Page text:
Italy is challenging Ryanair’s decision to charge passengers for hand luggage.
For those travelling after 1 November, the low-cost airline will only allow non-priority customers one “small personal bag”, such as a handbag or laptop case, into the plane’s cabin.
Italy’s competition authority Antitrust has opened an inquiry into this decision, describing hand luggage as an “essential” item for travellers.
The change sees customers face charges of up to £10 if they want to take on a 10kg holdall or suitcase when booking.
Those who fail to pay for the bag ahead of time will have to pay up to £25 at the airport.
The small bag that customers can bring on board for no additional cost must be able to fit under the seat in front.
Antitrust has said hand luggage is “an essential element of transport” so Ryanair, and all other carriers, should include the price in the cost of a plane ticket.
The new Ryanair policy could amount to unfair commercial practice in that it distorts the final price of the ticket and does not allow a true comparison with other airlines’ prices, Antitrust says.
Ryanair claims it does not “expect to make more money” from the latest change, which should “speed up boarding.”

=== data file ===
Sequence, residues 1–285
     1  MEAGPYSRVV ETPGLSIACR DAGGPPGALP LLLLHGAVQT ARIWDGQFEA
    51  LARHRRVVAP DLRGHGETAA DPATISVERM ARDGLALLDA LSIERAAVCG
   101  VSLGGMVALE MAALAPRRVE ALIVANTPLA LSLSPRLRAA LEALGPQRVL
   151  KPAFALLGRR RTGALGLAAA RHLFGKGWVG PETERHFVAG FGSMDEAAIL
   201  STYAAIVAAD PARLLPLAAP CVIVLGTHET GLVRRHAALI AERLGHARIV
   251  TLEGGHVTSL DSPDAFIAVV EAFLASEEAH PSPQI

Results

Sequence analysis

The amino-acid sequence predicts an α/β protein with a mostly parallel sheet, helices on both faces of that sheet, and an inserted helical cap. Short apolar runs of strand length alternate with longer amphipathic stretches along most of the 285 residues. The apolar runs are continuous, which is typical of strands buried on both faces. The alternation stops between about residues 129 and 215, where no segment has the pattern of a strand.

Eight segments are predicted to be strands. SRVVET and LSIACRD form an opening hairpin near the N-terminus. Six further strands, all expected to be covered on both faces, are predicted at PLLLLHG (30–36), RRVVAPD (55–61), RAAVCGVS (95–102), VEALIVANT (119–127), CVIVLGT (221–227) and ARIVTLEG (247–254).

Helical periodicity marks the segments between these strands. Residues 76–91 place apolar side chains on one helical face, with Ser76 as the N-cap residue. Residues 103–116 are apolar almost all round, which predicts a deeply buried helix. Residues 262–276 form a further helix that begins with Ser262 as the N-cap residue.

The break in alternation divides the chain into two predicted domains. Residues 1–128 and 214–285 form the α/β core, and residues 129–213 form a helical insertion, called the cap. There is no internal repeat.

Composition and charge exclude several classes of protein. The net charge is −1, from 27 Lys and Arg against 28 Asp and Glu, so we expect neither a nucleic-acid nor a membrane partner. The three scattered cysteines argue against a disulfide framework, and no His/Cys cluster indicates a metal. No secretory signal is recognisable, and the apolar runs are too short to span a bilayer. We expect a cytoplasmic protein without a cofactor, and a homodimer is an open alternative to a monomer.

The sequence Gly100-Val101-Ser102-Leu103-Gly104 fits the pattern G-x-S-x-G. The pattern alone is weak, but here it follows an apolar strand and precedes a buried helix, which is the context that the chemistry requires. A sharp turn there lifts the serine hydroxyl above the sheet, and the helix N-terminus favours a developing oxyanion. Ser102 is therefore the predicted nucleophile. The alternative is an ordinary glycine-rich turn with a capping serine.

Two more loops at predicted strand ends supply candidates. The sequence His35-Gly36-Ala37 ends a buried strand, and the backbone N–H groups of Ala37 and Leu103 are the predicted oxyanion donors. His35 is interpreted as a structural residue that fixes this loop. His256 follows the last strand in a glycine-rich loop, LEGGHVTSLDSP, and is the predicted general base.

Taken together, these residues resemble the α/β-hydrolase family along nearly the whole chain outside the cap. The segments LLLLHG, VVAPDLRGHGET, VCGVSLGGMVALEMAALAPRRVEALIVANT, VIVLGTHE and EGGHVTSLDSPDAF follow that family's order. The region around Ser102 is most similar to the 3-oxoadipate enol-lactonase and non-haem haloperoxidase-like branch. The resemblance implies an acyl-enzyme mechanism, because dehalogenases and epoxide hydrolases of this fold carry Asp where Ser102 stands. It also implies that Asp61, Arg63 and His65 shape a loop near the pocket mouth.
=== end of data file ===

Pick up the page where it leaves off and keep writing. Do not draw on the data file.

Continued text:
Priority customers can continue to bring two free carry on bags, including a 10kg wheelie bag.
It is cheaper to pay £6 for priority boarding than the new charge for checked in luggage.
Italian consumer associations had complained to Antitrust about the Ryanair decision.
Association Codacons promised to take the matter to court if necessary and said Ryanair should be prepared to refund customers who are left out of pocket.
“If [this] unfair commercial practice on hand luggage is confirmed, Ryanair… should reimburse all its customers who suffer unfair additional costs,” it said in a statement.
The scrutiny from the Italian inquiry comes as Ryanair shareholders on Thursday delivered a blow to the airline’s chairman amid widespread strike action by European staff.
Chairman David Bonderman was re-elected but only with 70.5% of the vote at the annual general meeting.
At last year’s assembly, he held a 89.1% endorsement.
“Questions about the company’s business model and governance now pose a threat to shareholder value,” said the chairman of one of the shareholders, the Local Authority Pension Fund Forum.